As the craft of writing has evolved, it has naturally formed the plot structure most pleasant to the human mind. This is the Three Act Structure, and it applies to short stories, novels and screenplays alike. What follows is the general flow of the Three Act Structure.
ACT ONE – The Setup
In Act One the protagonist meets all of the characters in the story. We also learn the main problem of the story. Everybody can usually plot Act One because we have to know the problem to have the idea. The trick in Act One is to keep it interesting. Don't just start rolling out story points. Start at the most interesting point, where there is conflict and excitement, and help the audience sort it out.
Act One is a preparation act for the viewer or reader. This is where they learn about the central character – whether they like him, whether they care about him, and whether they care about his dilemma.
The protagonist may be the hero or the villain, depending on whose story is more interesting, whose story drives the plot forward.
You should open Act One with a bang. Don't start at "Once upon a time." Open with a hook.
By the end of Act One you should also have introduced the protagonist, the antagonist and set up all of the secondary character relationships.
Here are some general guidelines for the objectives of Act One.
1. Establish the status quo for the protagonist.
2. Present the initial impetus for a move or change by the protagonist.
3. Ask the central question of the book. Summarize your book in 25 words or less and you will find the central question of your book.
4. Define the wants of the major characters and their reasons for desiring these things.
5. Lay the groundwork and establish the stakes for the chase to occur in Act 2.
ACT TWO – The Chase
This is the most important act in the drama because you have the two most important structural moves in the story.
1. It complicates the initial problem.
2. It defeats the protagonist at its end.
The complication usually comes at the top of Act Two. The problem that we already set up in Act One, now has to become much more dangerous and difficult.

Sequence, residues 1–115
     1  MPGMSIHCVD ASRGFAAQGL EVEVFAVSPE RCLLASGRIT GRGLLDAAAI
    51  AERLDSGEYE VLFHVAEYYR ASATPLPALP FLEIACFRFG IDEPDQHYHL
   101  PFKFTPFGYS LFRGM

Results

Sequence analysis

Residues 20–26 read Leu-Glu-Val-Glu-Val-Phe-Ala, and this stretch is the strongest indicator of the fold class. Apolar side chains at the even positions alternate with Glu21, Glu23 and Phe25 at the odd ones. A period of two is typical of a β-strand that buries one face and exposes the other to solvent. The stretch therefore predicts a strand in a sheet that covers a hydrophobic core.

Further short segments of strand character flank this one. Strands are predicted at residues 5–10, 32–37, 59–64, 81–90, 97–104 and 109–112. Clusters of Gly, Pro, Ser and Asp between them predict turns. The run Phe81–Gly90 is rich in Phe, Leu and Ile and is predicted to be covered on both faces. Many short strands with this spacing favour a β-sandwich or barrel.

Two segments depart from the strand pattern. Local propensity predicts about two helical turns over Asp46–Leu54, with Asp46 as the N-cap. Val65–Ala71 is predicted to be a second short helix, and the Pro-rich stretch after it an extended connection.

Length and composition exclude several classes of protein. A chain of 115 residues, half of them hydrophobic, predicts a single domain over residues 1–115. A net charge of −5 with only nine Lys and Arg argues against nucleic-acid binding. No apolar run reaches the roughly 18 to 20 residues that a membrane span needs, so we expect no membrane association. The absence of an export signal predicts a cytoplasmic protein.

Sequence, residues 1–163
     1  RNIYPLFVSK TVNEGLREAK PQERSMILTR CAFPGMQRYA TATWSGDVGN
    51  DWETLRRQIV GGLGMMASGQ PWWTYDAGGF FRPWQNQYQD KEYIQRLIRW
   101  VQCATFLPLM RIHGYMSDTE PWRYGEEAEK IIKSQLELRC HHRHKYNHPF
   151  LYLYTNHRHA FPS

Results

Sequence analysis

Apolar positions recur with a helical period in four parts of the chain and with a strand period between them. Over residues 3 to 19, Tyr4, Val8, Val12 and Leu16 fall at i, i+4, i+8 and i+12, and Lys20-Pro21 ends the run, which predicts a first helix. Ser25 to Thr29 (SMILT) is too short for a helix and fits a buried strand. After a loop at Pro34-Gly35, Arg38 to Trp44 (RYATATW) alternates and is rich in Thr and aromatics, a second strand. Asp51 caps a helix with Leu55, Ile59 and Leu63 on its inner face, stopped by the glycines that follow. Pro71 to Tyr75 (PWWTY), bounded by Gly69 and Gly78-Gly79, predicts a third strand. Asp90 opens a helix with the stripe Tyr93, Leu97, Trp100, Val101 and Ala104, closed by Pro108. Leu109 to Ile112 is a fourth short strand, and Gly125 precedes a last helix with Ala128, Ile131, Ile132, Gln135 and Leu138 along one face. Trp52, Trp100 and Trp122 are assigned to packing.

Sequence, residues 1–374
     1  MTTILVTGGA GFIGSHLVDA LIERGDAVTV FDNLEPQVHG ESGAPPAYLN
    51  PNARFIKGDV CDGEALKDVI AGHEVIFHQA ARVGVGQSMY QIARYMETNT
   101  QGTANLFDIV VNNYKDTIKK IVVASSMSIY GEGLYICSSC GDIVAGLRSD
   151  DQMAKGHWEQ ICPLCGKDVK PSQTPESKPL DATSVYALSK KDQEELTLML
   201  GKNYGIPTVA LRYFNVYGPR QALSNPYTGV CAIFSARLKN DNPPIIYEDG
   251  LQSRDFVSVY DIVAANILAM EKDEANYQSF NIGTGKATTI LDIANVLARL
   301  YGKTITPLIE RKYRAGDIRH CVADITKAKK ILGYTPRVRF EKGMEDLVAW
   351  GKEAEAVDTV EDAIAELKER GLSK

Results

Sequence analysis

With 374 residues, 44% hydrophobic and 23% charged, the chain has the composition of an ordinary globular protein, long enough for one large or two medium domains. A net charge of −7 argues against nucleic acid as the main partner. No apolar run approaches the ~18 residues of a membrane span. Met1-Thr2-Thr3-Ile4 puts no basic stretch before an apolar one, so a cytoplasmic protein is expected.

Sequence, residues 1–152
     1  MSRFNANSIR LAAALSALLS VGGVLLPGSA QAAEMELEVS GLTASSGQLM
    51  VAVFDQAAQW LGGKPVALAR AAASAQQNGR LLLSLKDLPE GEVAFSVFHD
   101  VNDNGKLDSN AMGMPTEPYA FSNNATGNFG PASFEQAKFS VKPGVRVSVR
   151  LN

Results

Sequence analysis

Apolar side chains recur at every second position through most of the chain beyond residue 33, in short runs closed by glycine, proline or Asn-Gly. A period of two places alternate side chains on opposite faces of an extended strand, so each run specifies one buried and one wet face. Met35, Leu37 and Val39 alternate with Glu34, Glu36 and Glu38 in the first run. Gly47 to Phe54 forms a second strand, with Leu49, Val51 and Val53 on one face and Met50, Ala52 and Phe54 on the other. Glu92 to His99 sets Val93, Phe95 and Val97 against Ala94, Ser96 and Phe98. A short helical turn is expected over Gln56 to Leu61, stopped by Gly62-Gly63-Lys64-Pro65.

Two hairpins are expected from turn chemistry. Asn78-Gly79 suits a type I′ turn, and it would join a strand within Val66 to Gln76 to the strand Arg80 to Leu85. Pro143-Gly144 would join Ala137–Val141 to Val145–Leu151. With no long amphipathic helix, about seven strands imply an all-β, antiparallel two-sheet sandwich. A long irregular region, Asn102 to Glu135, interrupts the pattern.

A good way to design the complication is to let it be a piece of the back-story that has remained hidden until Act Two. The protagonist must then start to try to solve this bigger, more complicated problem, while the adversaries make moves to defeat them. Your adversaries must be in motion. Adversaries should not be standing around, waiting to be caught.
The end of Act Two marks the destruction of the protagonist’s plan.
At the end of Act Two the protagonist should be almost destroyed, and at the lowest point in the drama, either physically and/or emotionally. He (or she) is flat on his back and it looks like there is no way he can succeed.
Here are some general guidelines for the objectives of Act Two.
1. The protagonist behaves differently, more assertive
2. The protagonist tries to do the right thing, but is foiled by the antagonist three times. These are called reversals. Think of any story and spot the reversals. The overall conflict has three reversals and one conclusion.
3. Use the information presented in Act One. This is the groundwork we discussed during Act One. Objects and facts that appeared in the background of Act One now take on new meanings significant to the plot.
4. Make the chase unpredictable, stimulating, engaging and unique.
5. Rely heavily on physical action.
6. Put the characters in interesting situations and locations, ensuring those situations and locations relate to the hero’s intent.
This is simply the resolution of the problem. From the rubble laying around him/her, the protagonist picks up a piece of string and follows it to the eventual conclusion of the story. Some stories have downbeat endings, where the protagonist learns a lesson, but dies or is defeated.
Of course, there is no precise formula for success. It is always possible to alter this Three Act Structure, but remember, if you break these plot rules, you should at least know why you are doing it.
Here are some general guidelines for the objectives of Act Three.
1. Answer the central question of the book.
2. Fulfill all the promises made in Acts One and Two.
3. Answer all questions asked in Acts One and Two – no loose ends.
4. The protagonist must undergo a change to conquer a larger version of something that conquered him during